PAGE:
2) Break-ups from long-term relationships can thrust your life into a series of deeply self-engrossed bouts of confusion and self-loathing. Avoid them (or prolonging them), when possible.

3) Haiti, 1 year later, according to community activist Jordan Flaherty:


Haitian poet and human rights lawyer Ezili Dantò has written, "Haiti's poverty began with a US/Euro trade embargo after its independence, continued with the Independence Debt to France and ecclesiastical and financial colonialism. Moreover, in more recent times, the uses of US foreign aid, as administered through USAID in Haiti, basically serves to fuel conflicts and covertly promote US corporate interests to the detriment of democracy and Haitian health, liberty, sovereignty, social justice and political freedoms. USAID projects have been at the frontlines of orchestrating undemocratic behavior, bringing underdevelopment, coup d'etat, impunity of the Haitian Oligarchy, indefinite incarceration of dissenters, and destroying Haiti's food sovereignty essentially promoting famine."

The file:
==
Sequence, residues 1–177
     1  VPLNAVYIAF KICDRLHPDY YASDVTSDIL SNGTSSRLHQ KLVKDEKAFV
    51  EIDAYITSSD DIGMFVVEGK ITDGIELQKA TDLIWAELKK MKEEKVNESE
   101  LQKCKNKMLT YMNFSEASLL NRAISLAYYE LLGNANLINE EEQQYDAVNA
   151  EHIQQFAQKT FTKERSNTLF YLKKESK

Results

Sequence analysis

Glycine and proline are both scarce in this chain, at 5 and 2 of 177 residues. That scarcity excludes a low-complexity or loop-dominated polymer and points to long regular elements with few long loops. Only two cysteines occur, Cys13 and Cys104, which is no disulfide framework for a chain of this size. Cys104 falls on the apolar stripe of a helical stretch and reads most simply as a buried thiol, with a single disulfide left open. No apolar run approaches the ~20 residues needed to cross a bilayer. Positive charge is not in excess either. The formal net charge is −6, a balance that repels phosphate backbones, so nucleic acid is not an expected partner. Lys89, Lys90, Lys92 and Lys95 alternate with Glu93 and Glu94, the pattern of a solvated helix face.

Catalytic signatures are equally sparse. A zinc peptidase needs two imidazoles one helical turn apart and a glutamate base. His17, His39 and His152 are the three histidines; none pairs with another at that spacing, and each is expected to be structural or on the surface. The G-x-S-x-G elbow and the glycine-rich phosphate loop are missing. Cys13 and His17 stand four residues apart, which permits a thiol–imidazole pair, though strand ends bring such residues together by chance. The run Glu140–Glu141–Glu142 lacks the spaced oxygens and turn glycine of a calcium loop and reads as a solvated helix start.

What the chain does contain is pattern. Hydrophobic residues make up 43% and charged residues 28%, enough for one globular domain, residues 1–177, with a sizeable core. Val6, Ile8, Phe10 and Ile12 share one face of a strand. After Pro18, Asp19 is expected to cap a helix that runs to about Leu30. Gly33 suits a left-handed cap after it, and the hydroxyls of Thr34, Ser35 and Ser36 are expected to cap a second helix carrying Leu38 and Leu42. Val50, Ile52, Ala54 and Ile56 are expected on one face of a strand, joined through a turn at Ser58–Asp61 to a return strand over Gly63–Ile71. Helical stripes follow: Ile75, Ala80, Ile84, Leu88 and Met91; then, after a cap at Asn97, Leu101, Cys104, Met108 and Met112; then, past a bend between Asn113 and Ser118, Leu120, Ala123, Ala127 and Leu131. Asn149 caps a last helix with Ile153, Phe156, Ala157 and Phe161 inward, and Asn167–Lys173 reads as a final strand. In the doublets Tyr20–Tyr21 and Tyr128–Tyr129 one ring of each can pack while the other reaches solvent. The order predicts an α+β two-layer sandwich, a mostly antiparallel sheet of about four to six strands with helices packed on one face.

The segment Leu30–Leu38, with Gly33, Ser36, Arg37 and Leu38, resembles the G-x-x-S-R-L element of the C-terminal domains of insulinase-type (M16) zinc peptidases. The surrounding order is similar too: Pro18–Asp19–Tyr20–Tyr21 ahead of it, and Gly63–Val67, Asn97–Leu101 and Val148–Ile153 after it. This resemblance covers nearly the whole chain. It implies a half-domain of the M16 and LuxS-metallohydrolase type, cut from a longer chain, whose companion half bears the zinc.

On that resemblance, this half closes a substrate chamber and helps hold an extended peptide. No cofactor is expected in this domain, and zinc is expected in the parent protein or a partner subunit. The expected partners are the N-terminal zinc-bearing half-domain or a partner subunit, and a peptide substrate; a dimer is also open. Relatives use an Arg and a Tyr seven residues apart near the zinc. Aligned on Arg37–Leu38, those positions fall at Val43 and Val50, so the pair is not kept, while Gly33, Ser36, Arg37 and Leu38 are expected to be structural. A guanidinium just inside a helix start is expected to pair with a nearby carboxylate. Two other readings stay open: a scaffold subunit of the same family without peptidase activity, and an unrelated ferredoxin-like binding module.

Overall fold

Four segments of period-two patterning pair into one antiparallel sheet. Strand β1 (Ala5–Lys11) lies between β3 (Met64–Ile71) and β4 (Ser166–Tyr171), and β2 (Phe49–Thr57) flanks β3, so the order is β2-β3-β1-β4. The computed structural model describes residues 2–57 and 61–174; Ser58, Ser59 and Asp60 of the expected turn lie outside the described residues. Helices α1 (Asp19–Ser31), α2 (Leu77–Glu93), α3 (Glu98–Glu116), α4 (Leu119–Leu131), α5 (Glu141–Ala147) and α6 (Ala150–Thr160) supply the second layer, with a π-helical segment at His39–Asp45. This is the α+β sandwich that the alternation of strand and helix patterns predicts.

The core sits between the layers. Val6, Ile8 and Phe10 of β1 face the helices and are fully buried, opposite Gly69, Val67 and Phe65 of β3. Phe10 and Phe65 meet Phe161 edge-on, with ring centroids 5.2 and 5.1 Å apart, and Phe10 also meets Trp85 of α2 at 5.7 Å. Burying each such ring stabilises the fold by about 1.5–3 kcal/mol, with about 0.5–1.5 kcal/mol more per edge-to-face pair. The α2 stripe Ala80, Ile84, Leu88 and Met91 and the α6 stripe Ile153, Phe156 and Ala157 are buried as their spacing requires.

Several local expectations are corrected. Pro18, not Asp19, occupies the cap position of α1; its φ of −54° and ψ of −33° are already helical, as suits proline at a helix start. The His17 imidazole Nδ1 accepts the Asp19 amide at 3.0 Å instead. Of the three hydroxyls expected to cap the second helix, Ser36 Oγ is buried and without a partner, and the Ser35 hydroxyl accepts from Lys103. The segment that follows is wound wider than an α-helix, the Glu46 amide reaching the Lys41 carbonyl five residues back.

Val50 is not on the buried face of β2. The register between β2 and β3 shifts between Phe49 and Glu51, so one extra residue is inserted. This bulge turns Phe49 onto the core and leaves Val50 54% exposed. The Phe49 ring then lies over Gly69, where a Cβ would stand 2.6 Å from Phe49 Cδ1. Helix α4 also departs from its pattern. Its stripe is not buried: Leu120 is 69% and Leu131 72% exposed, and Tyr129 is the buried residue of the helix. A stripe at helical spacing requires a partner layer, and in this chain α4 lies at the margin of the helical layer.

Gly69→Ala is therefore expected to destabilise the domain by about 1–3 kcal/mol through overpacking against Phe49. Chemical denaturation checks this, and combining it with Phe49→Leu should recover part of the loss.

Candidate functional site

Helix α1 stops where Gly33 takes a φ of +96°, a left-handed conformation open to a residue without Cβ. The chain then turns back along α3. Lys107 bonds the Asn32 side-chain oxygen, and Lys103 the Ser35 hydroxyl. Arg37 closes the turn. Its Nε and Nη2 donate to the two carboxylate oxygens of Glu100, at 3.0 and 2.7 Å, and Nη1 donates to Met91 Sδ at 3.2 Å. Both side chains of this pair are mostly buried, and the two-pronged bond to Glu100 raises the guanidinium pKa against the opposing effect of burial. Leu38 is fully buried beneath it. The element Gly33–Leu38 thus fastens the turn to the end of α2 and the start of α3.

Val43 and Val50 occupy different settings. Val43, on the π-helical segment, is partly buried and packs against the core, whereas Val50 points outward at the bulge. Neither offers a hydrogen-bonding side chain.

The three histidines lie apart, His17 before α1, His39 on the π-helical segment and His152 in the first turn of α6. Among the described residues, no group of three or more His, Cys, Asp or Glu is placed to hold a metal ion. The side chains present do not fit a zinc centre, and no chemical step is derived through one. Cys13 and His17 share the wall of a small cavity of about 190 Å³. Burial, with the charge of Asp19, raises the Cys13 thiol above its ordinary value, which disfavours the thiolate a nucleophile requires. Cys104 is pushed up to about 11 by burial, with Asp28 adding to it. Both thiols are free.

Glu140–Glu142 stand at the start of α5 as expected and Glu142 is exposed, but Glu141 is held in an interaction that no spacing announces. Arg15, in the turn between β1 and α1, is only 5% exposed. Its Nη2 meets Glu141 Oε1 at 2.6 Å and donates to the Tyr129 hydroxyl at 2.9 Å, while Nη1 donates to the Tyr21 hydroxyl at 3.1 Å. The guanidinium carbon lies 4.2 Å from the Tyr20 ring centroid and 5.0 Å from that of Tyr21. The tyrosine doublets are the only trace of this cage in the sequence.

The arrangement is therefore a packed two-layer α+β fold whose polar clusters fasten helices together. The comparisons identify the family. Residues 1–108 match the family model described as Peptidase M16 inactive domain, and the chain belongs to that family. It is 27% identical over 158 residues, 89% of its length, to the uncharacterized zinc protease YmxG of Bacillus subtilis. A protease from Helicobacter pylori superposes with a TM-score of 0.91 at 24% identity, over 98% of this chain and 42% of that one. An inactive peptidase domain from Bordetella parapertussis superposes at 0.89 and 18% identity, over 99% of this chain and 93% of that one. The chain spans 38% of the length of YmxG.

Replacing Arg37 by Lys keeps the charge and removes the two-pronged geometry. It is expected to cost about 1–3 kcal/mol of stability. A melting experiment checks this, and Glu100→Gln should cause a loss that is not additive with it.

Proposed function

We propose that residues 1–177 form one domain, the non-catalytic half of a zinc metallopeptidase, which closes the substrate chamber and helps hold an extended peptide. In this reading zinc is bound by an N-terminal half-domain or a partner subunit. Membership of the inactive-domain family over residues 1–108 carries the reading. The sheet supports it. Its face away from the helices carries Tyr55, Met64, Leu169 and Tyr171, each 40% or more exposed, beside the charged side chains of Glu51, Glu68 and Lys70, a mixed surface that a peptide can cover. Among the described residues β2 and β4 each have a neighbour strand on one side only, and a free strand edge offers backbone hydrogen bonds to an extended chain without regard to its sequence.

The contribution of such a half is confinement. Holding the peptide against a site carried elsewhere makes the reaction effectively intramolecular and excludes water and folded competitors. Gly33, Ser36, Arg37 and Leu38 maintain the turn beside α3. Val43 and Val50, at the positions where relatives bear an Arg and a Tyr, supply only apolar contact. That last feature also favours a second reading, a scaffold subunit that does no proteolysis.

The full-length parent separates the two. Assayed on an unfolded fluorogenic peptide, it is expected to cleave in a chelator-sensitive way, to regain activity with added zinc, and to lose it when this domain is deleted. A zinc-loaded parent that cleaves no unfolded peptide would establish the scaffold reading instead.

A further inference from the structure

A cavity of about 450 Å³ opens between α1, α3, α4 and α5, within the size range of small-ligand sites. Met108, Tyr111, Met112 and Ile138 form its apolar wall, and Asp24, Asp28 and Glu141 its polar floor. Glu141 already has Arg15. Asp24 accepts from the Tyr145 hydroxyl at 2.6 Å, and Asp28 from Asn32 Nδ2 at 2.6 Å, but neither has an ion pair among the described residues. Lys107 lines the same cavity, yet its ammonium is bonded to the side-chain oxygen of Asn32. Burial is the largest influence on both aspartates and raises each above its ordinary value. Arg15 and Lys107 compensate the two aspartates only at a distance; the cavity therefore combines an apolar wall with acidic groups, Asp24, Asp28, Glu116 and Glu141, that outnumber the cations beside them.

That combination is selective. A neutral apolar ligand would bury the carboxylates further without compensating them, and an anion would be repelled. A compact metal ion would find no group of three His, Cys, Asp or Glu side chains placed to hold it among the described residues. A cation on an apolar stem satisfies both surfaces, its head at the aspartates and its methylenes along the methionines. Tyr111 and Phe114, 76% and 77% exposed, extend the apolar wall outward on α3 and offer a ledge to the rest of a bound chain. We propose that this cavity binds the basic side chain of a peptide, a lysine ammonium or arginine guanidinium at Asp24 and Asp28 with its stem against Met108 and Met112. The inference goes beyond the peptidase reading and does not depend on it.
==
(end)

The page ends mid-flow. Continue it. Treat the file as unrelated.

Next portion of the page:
4) Arizona's racist new laws were co-written by the prison industry.

Favorite new vegetarian and vegan recipe:

Chickpea/Seitan Cutlets, at PostPunk Kitchen. For those of you who are like me, and have been vegetarians for most of your lives the possibility of new alternatives to meat, are always welcome. This particular recipe combines ground chickpeas, various spices,, bread crumbs, with vital wheat gluten to produce some tasty fried alternatives to steaks.

Favorite new find, that is already not that new in really any sense:

Pissed Jeans, combining hardcore with noise rock in the vein of Jesus Lizard:

Favorite new accessory, that redudantly fills a need (although it's smaller):

The Scout Pack, by Duluth.

Favorite viral video of 2010:

Favorite DIY Porn Auteur:

Despite my general distaste for the world of twink, The Black Spark represents rather well shot and interesting, but also incredibly hot short films for x-tube, including actual filtering in lenses, play with color, and skilled use of handheld cameras.